Re-export credit values have been one of the bright spots for sugar-containing products for exporters that participate in USDA’s re-export program, especially since the Suspension Agreements with Mexico were put in place.
Over the last ten years, spot re-export credits using a formula of the #16 contract less the #11 world sugar contract less $0.02 per pound for CIF costs would yield an average credit of $0.0827 per pound. The first five years’ average was only $0.0652 per pound as strength in the #11 world raw sugar market reduced the values. The last five years saw the average value balloon up to $0.1002 per pound as world raw sugar prices fell as global inventories reached record highs over the last two years before dropping with lower production forecast in India and with Brazil continuing to maximize ethanol production as a result of lower sugar prices.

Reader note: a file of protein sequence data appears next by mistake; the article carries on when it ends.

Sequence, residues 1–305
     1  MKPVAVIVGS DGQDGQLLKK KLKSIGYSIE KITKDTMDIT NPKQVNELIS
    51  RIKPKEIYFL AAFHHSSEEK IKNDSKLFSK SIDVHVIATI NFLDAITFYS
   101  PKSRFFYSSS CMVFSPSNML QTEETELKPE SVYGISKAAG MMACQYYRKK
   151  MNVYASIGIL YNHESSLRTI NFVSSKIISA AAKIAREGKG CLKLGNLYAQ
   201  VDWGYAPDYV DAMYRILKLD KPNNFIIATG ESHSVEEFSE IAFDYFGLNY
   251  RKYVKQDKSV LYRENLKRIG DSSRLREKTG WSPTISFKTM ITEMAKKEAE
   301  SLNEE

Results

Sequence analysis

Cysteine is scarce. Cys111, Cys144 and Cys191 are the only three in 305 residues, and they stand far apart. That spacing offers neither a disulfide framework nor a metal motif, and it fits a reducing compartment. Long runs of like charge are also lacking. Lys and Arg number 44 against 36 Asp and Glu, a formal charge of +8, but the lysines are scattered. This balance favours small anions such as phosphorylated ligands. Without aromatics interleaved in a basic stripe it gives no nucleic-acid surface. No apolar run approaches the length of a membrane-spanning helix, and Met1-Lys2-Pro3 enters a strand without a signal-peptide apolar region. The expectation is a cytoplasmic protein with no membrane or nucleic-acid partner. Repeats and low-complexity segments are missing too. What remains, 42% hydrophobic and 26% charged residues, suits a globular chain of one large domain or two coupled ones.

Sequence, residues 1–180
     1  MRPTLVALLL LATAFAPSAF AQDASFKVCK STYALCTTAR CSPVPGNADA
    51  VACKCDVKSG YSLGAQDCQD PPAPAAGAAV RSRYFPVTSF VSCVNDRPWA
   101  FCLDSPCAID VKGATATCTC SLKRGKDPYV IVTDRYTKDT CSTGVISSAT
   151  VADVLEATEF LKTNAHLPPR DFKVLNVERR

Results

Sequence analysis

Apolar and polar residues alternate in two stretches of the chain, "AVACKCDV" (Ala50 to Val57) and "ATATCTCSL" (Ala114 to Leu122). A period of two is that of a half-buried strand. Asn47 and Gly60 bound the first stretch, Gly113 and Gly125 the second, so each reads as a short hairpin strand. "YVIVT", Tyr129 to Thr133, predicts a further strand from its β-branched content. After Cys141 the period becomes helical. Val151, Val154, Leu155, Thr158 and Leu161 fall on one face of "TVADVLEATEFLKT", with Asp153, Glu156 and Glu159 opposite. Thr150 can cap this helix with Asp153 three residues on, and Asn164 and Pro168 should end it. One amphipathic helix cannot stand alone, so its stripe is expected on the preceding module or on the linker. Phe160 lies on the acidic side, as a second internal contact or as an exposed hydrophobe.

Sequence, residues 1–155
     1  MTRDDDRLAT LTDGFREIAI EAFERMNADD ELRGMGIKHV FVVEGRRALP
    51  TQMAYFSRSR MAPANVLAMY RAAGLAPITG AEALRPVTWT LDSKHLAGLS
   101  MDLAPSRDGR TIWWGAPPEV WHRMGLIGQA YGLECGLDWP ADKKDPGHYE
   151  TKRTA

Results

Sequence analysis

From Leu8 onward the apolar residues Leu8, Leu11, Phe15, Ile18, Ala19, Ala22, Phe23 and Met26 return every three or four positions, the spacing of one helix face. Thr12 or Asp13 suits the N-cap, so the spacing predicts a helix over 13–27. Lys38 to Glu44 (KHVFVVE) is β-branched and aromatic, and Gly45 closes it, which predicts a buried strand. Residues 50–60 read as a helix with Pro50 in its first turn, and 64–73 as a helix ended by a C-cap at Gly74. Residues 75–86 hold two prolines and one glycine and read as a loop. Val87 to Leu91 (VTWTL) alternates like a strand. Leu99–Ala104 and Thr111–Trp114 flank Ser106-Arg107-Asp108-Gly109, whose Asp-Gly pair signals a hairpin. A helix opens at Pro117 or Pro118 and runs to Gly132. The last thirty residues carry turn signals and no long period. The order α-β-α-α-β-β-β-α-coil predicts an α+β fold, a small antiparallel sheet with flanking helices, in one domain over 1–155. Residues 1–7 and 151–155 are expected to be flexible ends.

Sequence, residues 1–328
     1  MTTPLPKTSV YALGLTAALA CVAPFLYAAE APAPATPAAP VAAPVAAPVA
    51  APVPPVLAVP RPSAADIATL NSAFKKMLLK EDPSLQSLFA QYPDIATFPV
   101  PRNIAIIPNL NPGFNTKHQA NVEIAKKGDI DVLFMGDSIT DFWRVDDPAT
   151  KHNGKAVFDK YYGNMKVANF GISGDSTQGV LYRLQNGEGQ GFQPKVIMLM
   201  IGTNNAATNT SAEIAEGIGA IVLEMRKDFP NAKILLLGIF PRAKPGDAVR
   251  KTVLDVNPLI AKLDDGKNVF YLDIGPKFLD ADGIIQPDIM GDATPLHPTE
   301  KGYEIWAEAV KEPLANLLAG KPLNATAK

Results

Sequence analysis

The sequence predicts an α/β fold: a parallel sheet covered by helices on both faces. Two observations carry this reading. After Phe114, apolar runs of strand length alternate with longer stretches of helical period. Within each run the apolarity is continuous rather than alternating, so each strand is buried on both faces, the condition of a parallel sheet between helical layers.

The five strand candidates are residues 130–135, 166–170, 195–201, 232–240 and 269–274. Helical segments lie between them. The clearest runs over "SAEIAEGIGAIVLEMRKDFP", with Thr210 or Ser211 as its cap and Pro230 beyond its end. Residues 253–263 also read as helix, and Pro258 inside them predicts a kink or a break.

The year 2020 promises to bring more volatility as the global deficit forecast at about 9 MMT cuts into those inventory levels.
The 2020/21 production surplus/deficit will be crucial in determining whether we continue to see stronger values, or we see values moving back toward the long-term average. The recent rulings vacating the 2017 Amended Suspension Agreements could also lower support for #16 domestic raw sugar prices as well.
While it is hard to get excited about values currently trading just over the ten-year average at about $0.1025 per pound, it is questionable that the spread will remain as strong as it has the last two years. In particular, we could argue the #16s could face some downward pressure and the #11s could certainly face upward pressure if we see sizeable early global deficits for 2020/21.
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